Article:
A Review of The Film Risen By Adam Miller

"...When it ventures to connect the fictionalized plot with the actual Gospel accounts of the death and resurrection of Jesus it starts to bend the truth with the proposed narrative."

Ever since seeing the movie Ben Hur when I was a kid, I was fascinated with the idea of telling the stories behind the scenes in biblical times. It has driven my imaginations as I've read through the gospels and imagined what happened to some of the people Jesus healed and particularly what happened to Barabbas after he was released, what the backstory was for the repentant thief on the cross, and what became of the centurion who witnessed Jesus death and declared, "Truly this was the Son of God!" (Matthew 27:54 NKJV)

That is why I was excited to see this new film from Affirm Films, a Sony Company, which also produced the popular hit last year from the Kendrick Brothers called War Room. Risen follows a fictionalized story of a hardened Roman soldier who is commissioned by Pontius Pilate to oversee the death and burial of Jesus, and later the task of investigating the empty tomb.

These Christian based films have come a long way. Provided with a bigger budget and at least the chance to cast B-list actors, the added resources are obviously apparent with better acting, filming, makeup, costumes, and editing. Overall, it's a much easier story to get caught up in when the art surrounding it is less jarring and out of place.

I could go into great detail about the writing, acting, and cinematography from an artistic point of view, but within the Christian film market those are rarely what people are concerned about hearing. Instead I'll focus on the questions I assume you are asking to determine if Risen is worth your time and money.

1)  Is it safe?

While not as gruesome and violent as Mel Gibson's The Passion of the Christ, this film is still not safe for children. Although it doesn't contain any sexually based content or vulgar language, it certainly doesn’t spare on gore and violence. Action sequences seem to be the main component of Risen, from the opening scene and all throughout the movie, even in places where it doesn’t make sense.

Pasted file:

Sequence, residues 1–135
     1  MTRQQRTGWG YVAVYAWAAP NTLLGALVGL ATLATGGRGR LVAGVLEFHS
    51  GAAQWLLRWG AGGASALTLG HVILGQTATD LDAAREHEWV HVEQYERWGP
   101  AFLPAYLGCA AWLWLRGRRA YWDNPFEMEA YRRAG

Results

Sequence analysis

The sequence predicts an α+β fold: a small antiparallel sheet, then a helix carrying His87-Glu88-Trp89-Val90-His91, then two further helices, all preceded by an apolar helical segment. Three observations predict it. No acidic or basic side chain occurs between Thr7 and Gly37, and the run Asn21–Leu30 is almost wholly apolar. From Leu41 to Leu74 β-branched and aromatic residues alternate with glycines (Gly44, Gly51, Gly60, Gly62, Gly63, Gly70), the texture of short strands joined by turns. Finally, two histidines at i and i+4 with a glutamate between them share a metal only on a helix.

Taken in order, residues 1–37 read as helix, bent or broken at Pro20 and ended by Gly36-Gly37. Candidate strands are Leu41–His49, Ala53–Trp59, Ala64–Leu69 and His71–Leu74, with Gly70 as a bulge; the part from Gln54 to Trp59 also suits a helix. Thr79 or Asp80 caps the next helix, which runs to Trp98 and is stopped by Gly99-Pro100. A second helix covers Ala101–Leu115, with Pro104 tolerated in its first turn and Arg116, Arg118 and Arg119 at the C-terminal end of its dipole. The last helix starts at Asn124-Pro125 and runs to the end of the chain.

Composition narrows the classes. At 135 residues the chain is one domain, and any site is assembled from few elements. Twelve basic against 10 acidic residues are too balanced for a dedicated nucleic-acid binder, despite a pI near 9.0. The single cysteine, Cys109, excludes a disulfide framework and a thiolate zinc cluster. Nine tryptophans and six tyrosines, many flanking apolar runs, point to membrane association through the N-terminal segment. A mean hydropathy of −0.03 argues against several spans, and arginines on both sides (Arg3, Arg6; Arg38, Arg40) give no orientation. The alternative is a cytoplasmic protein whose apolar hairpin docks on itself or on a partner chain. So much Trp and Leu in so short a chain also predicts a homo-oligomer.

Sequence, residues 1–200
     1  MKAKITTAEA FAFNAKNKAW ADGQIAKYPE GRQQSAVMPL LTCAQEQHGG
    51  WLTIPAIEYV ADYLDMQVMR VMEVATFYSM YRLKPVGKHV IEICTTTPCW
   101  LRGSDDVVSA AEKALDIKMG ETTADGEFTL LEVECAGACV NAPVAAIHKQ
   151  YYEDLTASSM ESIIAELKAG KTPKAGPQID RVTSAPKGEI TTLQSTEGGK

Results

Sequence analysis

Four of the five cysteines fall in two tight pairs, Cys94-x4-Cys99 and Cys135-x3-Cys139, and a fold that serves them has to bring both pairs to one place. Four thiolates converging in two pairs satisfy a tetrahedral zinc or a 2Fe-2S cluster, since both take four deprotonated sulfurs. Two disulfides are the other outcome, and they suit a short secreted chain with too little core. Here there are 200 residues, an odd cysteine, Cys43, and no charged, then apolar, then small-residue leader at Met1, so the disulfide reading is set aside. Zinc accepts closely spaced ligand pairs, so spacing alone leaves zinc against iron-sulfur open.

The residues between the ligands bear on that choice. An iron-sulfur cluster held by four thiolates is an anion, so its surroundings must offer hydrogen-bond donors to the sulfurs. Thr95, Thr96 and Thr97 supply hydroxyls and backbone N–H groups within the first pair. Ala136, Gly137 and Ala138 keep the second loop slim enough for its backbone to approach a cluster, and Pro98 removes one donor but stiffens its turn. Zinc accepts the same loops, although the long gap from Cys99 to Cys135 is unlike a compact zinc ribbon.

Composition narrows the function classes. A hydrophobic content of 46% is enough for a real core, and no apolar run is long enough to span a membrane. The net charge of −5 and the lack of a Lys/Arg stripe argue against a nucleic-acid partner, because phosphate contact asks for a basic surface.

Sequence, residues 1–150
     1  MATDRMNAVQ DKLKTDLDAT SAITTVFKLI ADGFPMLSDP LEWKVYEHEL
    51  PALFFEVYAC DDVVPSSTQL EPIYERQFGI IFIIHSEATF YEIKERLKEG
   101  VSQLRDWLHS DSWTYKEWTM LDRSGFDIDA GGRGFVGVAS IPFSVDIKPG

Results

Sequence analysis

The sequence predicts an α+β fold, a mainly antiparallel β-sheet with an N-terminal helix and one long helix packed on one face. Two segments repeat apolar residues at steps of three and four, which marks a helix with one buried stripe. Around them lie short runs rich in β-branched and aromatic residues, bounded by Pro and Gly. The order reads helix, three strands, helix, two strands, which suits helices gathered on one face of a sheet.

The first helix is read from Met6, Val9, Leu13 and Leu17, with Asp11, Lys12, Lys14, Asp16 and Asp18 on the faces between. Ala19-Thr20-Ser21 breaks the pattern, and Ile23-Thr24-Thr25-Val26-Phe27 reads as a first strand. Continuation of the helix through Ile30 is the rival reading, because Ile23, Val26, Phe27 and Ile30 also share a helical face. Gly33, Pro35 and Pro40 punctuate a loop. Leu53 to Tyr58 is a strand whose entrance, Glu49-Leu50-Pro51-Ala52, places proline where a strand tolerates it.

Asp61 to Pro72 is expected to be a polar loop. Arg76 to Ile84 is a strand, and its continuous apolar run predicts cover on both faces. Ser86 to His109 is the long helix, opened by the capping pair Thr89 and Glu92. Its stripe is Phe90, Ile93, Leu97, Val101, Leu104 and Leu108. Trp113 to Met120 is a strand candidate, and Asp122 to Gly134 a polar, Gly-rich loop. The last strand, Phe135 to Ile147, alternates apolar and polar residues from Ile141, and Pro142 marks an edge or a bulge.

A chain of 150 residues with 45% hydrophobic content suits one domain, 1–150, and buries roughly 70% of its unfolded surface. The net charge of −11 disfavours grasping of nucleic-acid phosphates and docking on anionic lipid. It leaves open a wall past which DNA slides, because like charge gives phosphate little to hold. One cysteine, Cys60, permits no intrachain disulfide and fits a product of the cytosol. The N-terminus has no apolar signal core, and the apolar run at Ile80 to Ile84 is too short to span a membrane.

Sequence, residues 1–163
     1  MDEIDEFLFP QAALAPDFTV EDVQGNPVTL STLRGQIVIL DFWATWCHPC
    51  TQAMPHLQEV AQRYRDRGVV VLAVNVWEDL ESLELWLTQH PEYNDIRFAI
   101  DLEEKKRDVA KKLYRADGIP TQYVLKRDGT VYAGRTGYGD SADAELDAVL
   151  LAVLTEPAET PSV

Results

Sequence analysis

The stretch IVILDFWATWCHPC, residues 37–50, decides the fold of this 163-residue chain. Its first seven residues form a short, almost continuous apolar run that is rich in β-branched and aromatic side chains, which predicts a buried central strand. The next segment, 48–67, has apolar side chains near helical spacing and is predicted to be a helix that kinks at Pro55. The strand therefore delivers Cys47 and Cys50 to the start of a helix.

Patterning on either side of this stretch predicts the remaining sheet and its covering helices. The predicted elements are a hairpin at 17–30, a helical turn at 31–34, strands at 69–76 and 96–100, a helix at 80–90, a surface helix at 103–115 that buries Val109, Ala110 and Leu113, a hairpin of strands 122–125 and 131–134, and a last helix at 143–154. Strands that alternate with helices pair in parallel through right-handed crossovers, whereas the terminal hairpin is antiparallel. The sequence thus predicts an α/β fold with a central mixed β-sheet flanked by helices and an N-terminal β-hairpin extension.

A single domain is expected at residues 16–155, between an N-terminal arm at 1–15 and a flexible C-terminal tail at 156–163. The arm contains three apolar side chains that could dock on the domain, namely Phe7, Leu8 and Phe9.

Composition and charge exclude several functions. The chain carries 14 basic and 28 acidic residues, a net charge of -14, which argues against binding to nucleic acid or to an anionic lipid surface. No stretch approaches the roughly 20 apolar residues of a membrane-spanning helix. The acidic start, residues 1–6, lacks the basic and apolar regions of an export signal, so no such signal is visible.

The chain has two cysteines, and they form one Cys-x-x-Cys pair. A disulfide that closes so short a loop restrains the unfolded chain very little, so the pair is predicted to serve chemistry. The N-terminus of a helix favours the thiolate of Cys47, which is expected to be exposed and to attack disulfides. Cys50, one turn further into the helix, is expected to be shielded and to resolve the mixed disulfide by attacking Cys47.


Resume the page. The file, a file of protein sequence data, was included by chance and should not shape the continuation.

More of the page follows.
2)  Is it accurate or true?

Risen is drawn from a fictionalized account of what might have been happening behind the scenes from the perspective of a Roman soldier tasked with investigating the resurrection of Jesus. So no, it's not true. Where it stays within that imaginary field it is fine. However, when it ventures to connect the fictionalized plot with the actual Gospel accounts of the death and resurrection of Jesus it starts to bend the truth with the proposed narrative.

The first two thirds of Risen are fine. It is towards the end of the movie that it starts to run out of momentum and material. Without a natural climax, the filmmakers are forced to add their own twist to the story.

This is a film that is made, based on my educated guess, by non-Christians for Christians. Let me explain. Risen was not backed by a Church or Christian organization. It was produced by Sony Pictures to tap into a growing Christian market. Which leads into the next question.

3)  Is it evangelistic?

I don't think that feature films should not be used as an evangelistic tool. Even the best 'Christian' movies seem to fall short in proclaiming the gospel. They tend to either be overly preachy or too abstract to really lead anyone into a saving knowledge of Jesus Christ. But personal opinions aside, Risen doesn't even try to explain the plan of salvation.

It could be argued that this film is based in apologetics - defending the resurrection - but that doesn't seem to be the intent or the objective of Risen either. Instead, it is just a story about a Roman soldier wondering if there is life after death and torn between his cultural religion and the events he is witnessing.

Without giving you any spoilers about the plot, I have to conclude that the filmmakers have taken too many liberties. When Risen spends its time in the realm of possibilities with its fictionalized narrative it succeeds in being entertaining, but when it starts to intersect with Scripture it begins to fall apart. I wouldn't necessarily discourage you from going to see Risen, but I would want you to know that it is probably not going to meet up to your expectations.